FMF Final Entertains American Footy Fans


Last night’s first leg of the FMF Apertura Final was an incredibly entertaining affair. Monterrey behind Humberto Suazo, one of the top strikers in COMNEBOL came from behind to beat Cruz Azul 4-3. The second leg is Sunday, in Mexico City.

Suazo, who led COMNEBOL World Cup Qualifying in goals scored, could be one of the stars of next summer’s World Cup. Chile arguably was playing some of the best football in the world towards the end of qualifying, and Suazo was a key figure in these performances.

I personally, have been an advocate for the quality and entertainment value of Mexican football, but have felt sometimes isolated and guilty for this view. After all, the FMF, perhaps rightly is seen as the “rival” league by many MLS supporters, and also is the domestic league of the national team many Americans dislike the most.

Often times these biases have led to a lack of coverage for the league, which is after all far and away the most popular on American soil. Because of precisely who I follow on Twitter (the majority of my twitter friends are American soccer fans), I thought that only a few people including myself and MLS Talk/1560 AM’s Brian Zygo would be tweeting about the final. How wrong I was.

Several of the normal American soccer followers that tweet during EPL, Champions League or USMNT matches were out in full force last night. Interestingly, many of the MLS-centric fans that don’t tweet during EPL matches or other European football related events were absent.

The best tweet of the night came from the always irresistible Zach Woolsey of Ginge Talks the Footy Fame. Zach tweeted in the 80th minute of the match, “I’m tired and I wanna go to bed but this match is too entertaining!” His tweet summed up what a number of us were feeling. This wasn’t a match to finish on the DVR: it was just too good to miss live.

Last night’s match appears to have been a watershed event. Hard core English language dominant American footy fans these days are always on the lookout for entertaining football. After the match, my fellow Set Piece Analyst, Richard Farley, who covers the FMF for and I discussed this phenomenon on Twitter.

Mexican Football, despite a language barrier is incredibly accessible to the American viewer seeking live football on TV. Most of the big games are available on over the air channels in large parts of the nation: for example in the Miami/Fort Lauderdale market, we get a minimum of 4 live  over the air games every weekend, between Azteca America, Telemundo and Telefutura. This is supplemented by several matches on cable channels Galavision, ESPN Deportes, and Fox Sports in Espanol. Between broadcast and cable, almost every FMF Primera Division matchup is shown live.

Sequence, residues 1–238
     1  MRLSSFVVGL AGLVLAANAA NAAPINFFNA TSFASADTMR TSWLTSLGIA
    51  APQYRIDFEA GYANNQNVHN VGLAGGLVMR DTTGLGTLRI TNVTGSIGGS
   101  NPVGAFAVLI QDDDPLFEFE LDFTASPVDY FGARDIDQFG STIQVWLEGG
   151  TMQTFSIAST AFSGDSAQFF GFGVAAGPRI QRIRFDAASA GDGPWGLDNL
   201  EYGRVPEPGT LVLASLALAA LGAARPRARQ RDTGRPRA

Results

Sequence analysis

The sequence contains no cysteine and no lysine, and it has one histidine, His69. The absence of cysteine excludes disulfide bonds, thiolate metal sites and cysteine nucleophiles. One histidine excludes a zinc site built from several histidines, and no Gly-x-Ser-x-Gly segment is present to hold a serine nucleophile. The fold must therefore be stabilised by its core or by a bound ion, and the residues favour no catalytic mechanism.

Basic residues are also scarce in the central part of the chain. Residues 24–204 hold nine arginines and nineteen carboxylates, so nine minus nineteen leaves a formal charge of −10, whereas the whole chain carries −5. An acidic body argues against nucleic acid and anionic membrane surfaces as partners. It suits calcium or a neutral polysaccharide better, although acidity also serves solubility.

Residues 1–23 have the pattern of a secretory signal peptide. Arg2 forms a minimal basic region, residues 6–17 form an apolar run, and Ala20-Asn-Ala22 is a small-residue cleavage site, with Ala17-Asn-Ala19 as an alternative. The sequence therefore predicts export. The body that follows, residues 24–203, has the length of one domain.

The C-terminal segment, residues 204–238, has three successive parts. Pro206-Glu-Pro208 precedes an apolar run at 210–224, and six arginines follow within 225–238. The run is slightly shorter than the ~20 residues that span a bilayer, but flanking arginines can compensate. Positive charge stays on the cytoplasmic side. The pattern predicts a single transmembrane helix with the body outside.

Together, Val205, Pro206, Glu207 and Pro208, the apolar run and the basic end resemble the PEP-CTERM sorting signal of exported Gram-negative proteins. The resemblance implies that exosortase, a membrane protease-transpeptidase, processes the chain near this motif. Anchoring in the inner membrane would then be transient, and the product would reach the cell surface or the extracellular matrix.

South Florida is actually geographically closer to many FMF cities than to the closest MLS team. So perhaps impressions in this market are skewed, but recently I have noticed an upward trend of Mexican Football viewership among non Latino/Hispanics.

This year, I have noticed more of my non-Latino/Hispanic friends who follow European football have begun to watch the FMF in selected spots. They are by no means regular viewers, but they do have a passing awareness of what is going on in the league, and will tune in for the big occasions. Some of these people, despite being huge USMNT fans, do not bother with MLS.

Ultimately, this may be a good thing for Major League Soccer. The association between MLS and the FMF was designed to win new fans for the domestic game. Perhaps, the FMF can serve as the gateway league to turn European footy fans into MLS fans.

Or perhaps, the quality of football is so much higher in the FMF than in the MLS, that some may take an even dimmer view of MLS? One thing is for sure: Mexican Football is winning over converts among previously non followers in the United States.


-Two days ago, I broke the news that USL had sued Rochester, Tampa Bay and Crystal Palace USA for breach of contract over at my personal site. The fallout from this action has been immense and public opinion which was already swinging heavily towards the TOA/NASL, now seems rock solid and heavily skewed. But the USSF doesn’t make sanctioning decisions based on public sentiment but on legalities and established guidelines. Regardless of whether the NASL is sanctioned or not, this “soccer war” has left a stain on supporters all over the country. The damage, I fear has been done to the USL brand with lots of message board and blog posters claiming they are done with domestic football thanks to this drama, and now will focus on European Football. Let us hope they are simply a small, but vocal minority of overall soccer fans in the US.

FIFA may have the final say as they have an established policy of not looking kindly on lawsuits filed in the domestic court system and not in the international Court for Arbitration on Sport.

-Tony Adams appears poised to be named manager of Red Bull New York. One of the worst managers in the recent history of the Premier League, Adams will be looking to rehabilitate his image much like Claude Anelka is seeking to do by taking the new AC St Louis (NASL) job.

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About Kartik Krishnaiyer

A lifelong lover of soccer, the beautiful game, he served from January 2010 until May 2013 as the Director of Communications and Public Relations for the North American Soccer League (NASL). Raised on the Fort Lauderdale Strikers of the old NASL, Krishnaiyer previously hosted the American Soccer Show on the Champions Soccer Radio Network, the Major League Soccer Talk podcast and the World Soccer Talk Podcast. His soccer writing has been featured by several media outlets including The Guardian and The Telegraph. He is the author of the books 'Blue With Envy' about Manchester City FC, and 'Soccerwarz' about the MLS, USL and NASL infighting.
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